(Clear your cache to vote over and over again ... )
#WINNING



~ Our thoughts, our prayers, our hearts are with you ~
Please consider donating, if you are able,
to help the people of Japan.
Text REDCROSS to 90999 to make a $10 donation
that will appear on your phone bill.
Or support Lady Gaga's donation efforts
by purchasing her special "We Pray for Japan" bracelet
for just $5. You may include an additional amount
with your bracelet purchase if you wish;
all proceeds go directly to Japan relief efforts.
For more ways to help, please see this article.



Yes, Ice Dreams is happening again
in Bensenville, IL, on April 30!
For every ticket sold, $1 will be donated to
the Japanese Red Cross
More info on the Ice Dreams website
and the Ice Dreams Facebook page!
Young skaters: Sign up here to audition!



Yes! At last: Pop Star On Ice is now available on DVD!
Order yours today from the Pop Star On Ice website!



Please help Johnny meet his goal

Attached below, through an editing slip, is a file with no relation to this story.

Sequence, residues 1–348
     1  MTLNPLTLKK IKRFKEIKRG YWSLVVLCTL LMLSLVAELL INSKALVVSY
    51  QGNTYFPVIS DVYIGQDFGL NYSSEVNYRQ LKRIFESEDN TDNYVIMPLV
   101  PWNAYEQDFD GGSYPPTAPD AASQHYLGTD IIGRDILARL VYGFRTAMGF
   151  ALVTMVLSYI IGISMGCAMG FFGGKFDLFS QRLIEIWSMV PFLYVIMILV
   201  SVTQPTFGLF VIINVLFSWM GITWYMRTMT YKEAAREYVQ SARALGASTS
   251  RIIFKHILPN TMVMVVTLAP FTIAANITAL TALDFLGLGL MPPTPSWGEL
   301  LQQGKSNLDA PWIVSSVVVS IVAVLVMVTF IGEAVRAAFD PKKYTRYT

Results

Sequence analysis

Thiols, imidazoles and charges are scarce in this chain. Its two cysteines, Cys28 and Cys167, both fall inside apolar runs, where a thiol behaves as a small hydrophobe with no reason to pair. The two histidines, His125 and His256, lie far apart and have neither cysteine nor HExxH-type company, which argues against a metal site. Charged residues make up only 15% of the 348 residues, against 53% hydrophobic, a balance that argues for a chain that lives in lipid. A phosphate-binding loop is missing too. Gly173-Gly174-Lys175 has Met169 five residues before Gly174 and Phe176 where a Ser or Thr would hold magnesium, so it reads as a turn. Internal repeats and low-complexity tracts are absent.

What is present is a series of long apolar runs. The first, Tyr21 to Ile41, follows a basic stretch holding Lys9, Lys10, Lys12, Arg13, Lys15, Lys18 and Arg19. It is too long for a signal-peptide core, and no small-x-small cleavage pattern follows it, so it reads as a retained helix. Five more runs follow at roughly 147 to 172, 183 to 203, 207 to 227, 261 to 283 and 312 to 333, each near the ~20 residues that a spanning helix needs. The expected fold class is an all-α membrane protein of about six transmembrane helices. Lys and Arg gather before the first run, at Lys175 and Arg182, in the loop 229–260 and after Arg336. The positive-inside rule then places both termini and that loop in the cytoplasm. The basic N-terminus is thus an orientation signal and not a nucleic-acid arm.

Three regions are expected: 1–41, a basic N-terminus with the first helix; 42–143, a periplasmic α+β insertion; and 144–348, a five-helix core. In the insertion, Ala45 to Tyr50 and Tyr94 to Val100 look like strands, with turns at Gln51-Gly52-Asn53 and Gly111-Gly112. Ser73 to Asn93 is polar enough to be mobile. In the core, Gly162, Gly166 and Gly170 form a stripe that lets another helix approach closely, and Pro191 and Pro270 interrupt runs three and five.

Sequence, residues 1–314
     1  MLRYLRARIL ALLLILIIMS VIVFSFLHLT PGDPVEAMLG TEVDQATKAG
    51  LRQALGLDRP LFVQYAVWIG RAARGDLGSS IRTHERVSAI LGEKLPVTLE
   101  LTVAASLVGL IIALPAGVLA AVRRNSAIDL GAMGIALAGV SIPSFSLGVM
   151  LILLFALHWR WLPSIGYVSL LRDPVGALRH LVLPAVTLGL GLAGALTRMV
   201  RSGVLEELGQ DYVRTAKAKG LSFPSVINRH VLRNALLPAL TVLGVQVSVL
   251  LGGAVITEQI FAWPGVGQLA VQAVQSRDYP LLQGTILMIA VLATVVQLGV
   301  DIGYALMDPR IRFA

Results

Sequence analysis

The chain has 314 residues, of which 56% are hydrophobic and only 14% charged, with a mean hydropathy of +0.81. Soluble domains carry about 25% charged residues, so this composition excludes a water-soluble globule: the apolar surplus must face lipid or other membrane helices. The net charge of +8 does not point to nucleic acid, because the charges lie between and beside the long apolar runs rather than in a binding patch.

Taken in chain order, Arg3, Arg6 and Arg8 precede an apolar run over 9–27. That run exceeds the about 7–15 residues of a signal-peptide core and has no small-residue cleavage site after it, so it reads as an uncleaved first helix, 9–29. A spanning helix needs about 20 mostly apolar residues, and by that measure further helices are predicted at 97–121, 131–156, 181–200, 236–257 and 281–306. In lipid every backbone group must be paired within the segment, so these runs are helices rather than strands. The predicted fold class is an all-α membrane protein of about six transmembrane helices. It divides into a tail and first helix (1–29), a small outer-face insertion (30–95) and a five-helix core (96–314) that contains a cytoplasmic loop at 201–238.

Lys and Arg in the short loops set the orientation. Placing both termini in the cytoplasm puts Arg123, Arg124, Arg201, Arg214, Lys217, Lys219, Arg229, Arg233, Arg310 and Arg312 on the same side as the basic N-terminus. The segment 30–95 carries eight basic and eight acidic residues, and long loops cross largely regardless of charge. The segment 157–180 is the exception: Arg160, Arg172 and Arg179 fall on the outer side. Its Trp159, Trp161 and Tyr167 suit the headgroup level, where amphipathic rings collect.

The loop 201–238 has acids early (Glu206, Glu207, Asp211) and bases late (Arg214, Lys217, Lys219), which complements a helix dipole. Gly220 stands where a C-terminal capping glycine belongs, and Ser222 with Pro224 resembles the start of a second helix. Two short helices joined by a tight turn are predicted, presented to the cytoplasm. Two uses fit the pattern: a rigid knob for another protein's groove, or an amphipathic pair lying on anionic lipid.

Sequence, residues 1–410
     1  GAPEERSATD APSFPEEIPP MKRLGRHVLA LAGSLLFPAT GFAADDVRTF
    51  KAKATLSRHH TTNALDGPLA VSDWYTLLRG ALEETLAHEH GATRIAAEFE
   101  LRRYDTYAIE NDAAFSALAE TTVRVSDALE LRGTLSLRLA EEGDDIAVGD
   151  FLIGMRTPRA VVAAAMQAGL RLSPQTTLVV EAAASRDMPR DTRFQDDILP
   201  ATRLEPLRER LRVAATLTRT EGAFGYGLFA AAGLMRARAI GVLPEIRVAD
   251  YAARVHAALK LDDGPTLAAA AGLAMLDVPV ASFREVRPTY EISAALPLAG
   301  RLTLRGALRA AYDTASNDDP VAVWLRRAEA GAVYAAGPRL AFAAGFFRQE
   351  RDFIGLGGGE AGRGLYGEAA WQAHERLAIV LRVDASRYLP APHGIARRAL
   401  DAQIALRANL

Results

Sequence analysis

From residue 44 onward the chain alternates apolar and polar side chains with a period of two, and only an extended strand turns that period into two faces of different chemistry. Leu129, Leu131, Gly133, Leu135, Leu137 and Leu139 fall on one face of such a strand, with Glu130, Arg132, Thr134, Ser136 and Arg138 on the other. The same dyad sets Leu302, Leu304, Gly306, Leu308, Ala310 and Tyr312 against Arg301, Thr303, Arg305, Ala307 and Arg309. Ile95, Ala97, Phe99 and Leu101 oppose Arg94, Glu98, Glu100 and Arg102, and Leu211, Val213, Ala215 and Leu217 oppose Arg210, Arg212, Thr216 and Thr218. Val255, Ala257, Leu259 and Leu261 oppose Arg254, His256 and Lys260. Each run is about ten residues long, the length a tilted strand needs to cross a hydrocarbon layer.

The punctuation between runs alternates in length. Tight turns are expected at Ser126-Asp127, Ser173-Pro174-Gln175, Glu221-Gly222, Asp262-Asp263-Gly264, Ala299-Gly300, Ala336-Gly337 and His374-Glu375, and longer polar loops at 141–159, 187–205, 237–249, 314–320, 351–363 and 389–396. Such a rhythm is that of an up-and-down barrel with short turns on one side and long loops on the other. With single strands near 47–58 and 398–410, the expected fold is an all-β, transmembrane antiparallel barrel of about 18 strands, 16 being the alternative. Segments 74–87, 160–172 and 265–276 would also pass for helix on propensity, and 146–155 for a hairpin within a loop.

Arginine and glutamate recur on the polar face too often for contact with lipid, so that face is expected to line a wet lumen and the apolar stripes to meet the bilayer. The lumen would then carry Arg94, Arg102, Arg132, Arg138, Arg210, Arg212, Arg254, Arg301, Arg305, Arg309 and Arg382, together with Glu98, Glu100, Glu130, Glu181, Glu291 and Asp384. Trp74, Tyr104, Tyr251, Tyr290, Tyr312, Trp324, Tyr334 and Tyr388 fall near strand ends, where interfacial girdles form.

of raising $10,000 for breast cancer research
by visiting his donor page! Any amount
you can give will help Skate for Hope
in the fight against cancer.
You also can get tickets NOW to see Johnny
perform in Skate for Hope on
Saturday, June 18, in Columbus, OH!
(Same weekend as the Annually Awesome



Johnny tweeted recently:
"Buy my single,'Dirty Love' via iTunes.
Tell all your friends to as well. The more copies sold
takes me one step closer to making a video! №1!"
THE WORLD NEEDS THIS VIDEO
IN THE SAME WAY THAT IT NEEDS AIR.
You know what to do.
Please buy the song from Johnny's website,
or just click the "Buy" button on the player
at the top of the blog!



Hey, Welcome to My World also is available
as an eBook! More info on Johnny's website!


copyright 2011 / Binky and the Misfit Mimes / Lynn V. Ingogly / all rights reserved

6 comments:

germansoulmate said...

Looking at the pic of Johnny as little boy, I think it´s funny how similar it is to the way he still sits today, very often at least...one leg drawn up (today it is more like one leg above the other one), both hands on the top knee...LOL...it´s so typical of Johnny. I love seeing those mannerism. It´s like a line. And this smile...he reminds me of his mother. He looks a lot like Pattie, and he still smiles like that.

Great interview...and too short. I wished I could have watched it. I like watching Johnny...his mannerisms and all what makes him him. Watching him often tells more than what he is actually saying.

Thanks again for that translated interview to Akiko, and to you for posting it. Is there more to come? It always ends all of a sudden.